Here’s an aspect of good dental hygiene most of us don’t usually think about: spit.
Yes, amongst other things, saliva helps keep your teeth healthy. For one, it acts as a perpetual bath for your teeth, helping to wash away food particles and the oral microbes that make up dental biofilm (plaque). And according to the current Mayo Clinic Health Letter, it also serves as a source of calcium and phosphate particles that help strengthen tooth enamel.
Dry mouth thus becomes another potential contributor to tooth erosion and decay.
Unfortunately, it’s not an uncommon condition, especially in these days of heavy use of prescription medications, many of which cause dry mouth as a so-called “side effect.” (In our opinion, if the drug made it happen, it’s a direct effect – just one that isn’t desired.) Common offenders mentioned in the above article include
some antidepressants and anti-anxiety medications, antihistamines, medications for high blood pressure, anti-diarrheals, muscle relaxants and medications for urinary incontinence and Parkinson’s disease.
Dry mouth can also be caused by some medical conditions.
So what can you do to increase saliva flow naturally? Chewing xylitol-sweetened gum can help, though we don’t recommend doing so frequently, due to the pressure chronic gum-chewing puts on the teeth and jaws. It can, however, serve as a temporary, occasional fix.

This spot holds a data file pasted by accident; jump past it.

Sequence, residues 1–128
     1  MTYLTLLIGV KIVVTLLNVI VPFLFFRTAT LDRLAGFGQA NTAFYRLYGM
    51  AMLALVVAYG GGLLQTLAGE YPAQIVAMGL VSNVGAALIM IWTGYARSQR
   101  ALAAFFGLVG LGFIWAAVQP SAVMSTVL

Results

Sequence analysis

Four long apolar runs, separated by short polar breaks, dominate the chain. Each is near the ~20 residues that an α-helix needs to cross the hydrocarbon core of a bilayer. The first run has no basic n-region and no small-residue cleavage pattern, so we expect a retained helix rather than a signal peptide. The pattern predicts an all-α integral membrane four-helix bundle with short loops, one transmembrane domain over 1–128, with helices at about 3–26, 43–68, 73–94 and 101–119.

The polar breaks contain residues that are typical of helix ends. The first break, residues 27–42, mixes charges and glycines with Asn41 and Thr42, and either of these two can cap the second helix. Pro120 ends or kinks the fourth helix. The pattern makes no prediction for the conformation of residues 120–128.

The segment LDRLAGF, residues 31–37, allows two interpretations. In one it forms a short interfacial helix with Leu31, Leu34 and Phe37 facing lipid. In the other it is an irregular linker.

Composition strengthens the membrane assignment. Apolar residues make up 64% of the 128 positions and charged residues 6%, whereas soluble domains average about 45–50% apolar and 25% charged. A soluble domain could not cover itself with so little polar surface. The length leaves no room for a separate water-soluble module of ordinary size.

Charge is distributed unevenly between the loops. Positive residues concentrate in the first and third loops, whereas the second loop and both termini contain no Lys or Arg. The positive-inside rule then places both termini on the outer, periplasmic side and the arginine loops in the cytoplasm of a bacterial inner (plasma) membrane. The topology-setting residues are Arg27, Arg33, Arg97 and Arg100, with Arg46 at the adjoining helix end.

A better way is to drink more water, sipping throughout the day and also during meals. Increasing your intake of foods that require a good amount of chewing can also help – especially foods such as crisp vegetables and fruits. And, of course, good dental hygiene – brushing and flossing regularly and correctly – also helps promote proper salivation.
If these things don’t work, there are some products that can help, such as GC Dry Mouth Gel – an alcohol- and sugar-free gel that you apply directly to the teeth and gums to stimulate saliva flow. Herbal tooth preparations such as the Dental Herb Company’s Under the Gums or Tooth and Gums Tonic may also prove helpful.
If dry mouth is a problem for you, do ask your dentist for his or her recommendations. For your dentist is in the best position to pinpoint probable causes of your dry mouth symptoms and thus suggest the optimal ways of dealing with them.
Posted in dental health Tagged: dental health, dry mouth, enamel erosion, saliva, tooth enamel